Setting Up Setting the Microtalk up is very easy. on the front of the radio there are two large arrow keys which naturally change the channel up or down. on PMR-446 in the UK there are 8 legal channels (see our other article about PMR 446 for the frequencies). on the Microtalk you also have the choice of using CTCSS tones on all channels, the radio provides a choice of 37 standard codes. CTCSS enables your radios to remain silent unless another radio on the same channel, with the same code setting as your own transmits. This can be a very useful feature if you have a lot of active users in your area and no clear channels are available – it makes sure that you only hear calls that are made to your code settings regardless of anyone else using the same channel. Of course this doesn’t mean that you can all transmit at the same time as you are essentially sharing a channel but it helps out by filtering calls. The Cobra offers the option of CTCSS code 00 – which means that the feature is disabled. This allows you to hear all users on a given channel without knowing their tone code – a good feature for checking which channels are active in your area. You could choose not to use CTCSS with both of your radios but this would mean hearing other users if they were nearby.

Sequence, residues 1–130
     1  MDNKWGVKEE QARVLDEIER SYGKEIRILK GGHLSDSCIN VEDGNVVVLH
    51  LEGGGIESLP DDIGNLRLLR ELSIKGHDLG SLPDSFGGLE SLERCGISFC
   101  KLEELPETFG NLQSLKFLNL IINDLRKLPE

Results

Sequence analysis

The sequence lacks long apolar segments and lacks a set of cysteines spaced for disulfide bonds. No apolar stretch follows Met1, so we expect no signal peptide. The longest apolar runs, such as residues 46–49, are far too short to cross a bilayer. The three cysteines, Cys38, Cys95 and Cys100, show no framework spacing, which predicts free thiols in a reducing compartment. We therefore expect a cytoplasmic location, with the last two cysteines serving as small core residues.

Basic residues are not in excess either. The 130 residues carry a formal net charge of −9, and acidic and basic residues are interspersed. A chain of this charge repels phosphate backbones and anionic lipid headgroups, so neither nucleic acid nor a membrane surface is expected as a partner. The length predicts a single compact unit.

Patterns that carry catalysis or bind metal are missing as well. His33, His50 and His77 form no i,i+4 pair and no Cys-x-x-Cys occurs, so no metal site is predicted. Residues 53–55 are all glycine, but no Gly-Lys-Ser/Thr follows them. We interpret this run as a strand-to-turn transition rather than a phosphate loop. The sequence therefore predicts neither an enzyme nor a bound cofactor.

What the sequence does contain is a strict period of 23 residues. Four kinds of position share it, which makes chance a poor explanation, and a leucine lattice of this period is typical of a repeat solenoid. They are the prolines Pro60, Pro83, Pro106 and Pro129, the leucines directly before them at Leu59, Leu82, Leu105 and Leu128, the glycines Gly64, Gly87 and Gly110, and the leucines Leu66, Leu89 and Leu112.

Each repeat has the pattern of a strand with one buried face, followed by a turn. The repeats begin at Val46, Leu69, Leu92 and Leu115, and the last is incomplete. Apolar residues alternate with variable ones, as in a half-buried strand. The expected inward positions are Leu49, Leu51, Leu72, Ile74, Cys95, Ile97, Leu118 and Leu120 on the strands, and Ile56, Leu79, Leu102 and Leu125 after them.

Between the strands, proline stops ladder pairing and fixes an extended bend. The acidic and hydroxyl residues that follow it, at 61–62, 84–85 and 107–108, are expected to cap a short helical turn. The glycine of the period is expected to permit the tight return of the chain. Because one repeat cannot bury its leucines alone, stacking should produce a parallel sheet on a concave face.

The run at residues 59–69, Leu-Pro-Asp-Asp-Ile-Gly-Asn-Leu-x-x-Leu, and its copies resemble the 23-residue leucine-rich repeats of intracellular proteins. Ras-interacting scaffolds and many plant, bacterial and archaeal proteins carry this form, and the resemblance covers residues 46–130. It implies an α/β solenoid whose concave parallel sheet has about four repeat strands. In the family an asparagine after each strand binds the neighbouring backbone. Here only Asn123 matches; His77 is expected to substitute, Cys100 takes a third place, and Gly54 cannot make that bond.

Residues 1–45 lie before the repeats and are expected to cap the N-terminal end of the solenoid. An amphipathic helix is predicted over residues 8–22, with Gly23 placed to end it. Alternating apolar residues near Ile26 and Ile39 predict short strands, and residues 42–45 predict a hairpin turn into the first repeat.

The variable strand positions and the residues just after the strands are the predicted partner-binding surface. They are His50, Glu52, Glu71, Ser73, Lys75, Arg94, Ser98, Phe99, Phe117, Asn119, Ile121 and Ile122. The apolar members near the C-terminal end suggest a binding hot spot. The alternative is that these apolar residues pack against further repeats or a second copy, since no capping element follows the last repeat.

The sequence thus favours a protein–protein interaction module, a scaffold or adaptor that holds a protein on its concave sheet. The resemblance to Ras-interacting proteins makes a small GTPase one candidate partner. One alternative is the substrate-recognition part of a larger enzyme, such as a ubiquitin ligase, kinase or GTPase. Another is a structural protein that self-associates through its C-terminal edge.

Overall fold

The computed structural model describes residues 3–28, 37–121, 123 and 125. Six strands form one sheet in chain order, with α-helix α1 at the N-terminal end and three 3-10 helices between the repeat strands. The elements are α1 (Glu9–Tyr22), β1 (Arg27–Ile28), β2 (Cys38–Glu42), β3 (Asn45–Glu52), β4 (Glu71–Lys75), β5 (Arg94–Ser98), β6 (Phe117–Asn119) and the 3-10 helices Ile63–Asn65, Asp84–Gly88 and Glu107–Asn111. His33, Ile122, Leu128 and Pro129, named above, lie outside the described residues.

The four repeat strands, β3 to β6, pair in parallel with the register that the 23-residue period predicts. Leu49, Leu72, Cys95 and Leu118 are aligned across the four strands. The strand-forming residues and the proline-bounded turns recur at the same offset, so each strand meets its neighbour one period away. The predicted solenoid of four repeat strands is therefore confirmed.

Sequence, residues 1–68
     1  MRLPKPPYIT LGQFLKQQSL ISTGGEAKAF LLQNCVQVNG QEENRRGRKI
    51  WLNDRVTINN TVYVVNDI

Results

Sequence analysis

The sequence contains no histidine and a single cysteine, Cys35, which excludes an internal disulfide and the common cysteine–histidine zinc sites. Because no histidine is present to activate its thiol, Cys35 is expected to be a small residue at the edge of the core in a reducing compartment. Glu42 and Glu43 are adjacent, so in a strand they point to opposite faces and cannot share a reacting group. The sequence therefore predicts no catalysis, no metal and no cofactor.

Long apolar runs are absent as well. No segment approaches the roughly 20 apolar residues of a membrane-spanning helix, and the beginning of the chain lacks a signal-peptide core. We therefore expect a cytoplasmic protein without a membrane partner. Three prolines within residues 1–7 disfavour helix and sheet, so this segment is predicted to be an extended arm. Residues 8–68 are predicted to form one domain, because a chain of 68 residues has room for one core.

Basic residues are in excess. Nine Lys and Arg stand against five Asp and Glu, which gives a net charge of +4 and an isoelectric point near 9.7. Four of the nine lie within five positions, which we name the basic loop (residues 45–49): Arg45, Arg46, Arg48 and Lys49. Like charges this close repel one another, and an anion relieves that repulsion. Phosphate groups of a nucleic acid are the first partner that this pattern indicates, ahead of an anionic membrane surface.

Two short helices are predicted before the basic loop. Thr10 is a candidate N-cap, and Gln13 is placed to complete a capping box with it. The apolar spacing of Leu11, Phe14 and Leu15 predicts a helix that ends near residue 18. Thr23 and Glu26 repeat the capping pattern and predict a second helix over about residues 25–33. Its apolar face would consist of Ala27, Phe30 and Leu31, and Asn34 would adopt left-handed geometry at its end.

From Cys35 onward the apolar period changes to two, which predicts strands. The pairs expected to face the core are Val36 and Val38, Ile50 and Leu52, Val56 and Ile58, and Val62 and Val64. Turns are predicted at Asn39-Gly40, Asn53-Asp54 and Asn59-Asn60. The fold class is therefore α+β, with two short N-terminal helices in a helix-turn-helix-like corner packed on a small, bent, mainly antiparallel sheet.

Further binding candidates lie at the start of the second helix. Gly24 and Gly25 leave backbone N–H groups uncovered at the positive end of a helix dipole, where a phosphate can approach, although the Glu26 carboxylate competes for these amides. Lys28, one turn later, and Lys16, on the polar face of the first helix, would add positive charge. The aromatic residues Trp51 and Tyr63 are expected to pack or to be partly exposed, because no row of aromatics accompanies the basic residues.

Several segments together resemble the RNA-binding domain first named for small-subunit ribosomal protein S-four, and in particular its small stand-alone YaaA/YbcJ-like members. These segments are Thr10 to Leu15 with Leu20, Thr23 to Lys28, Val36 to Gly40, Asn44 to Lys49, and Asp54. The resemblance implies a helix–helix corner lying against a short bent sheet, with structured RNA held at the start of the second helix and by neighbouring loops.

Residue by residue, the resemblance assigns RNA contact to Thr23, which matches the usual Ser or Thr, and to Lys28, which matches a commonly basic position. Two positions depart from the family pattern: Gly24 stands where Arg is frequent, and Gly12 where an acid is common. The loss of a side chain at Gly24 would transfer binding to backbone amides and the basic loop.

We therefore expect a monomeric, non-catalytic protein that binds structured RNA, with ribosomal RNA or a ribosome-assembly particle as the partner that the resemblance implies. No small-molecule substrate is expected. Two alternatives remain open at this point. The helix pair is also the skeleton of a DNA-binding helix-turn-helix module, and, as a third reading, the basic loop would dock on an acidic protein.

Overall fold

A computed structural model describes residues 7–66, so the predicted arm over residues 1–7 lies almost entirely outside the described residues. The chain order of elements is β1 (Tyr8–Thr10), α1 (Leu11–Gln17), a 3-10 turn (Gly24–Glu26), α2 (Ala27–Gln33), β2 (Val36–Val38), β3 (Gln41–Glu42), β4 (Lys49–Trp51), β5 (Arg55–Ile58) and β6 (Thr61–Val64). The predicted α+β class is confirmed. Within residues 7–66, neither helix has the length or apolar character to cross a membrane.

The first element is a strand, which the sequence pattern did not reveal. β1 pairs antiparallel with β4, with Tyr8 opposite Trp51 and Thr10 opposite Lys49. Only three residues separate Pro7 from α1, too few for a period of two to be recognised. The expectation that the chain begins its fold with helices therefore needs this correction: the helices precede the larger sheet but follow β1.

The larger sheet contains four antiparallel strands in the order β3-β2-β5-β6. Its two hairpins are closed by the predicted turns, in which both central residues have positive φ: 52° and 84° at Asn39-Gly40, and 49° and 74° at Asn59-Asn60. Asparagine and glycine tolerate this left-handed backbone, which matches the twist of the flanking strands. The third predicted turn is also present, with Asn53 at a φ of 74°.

The display on the Cobra is very informative. From the moment you turn the radio on you have visual indication of the battery life with a three segment gauge representing a battery, this flashes when the battery runs low. Other visual indications show current channel, CTCSS code, keypad beep, roger beep tone and a small transmitter icon. When you press the PTT bar down at the side of the radio the transmitter symbol changes to show TX – and when an incoming signal is detected it shows a receiving symbol. It is interesting to note that the receiving symbol appears on the display whenever activity on a channel is present regardless of CTCSS tone selected, for example, even if you didn’t hear the call and it was a different user group of radios – a bit like a channel busy indicator. This would be very useful in determining if a channel is available to use without causing interference to someone else.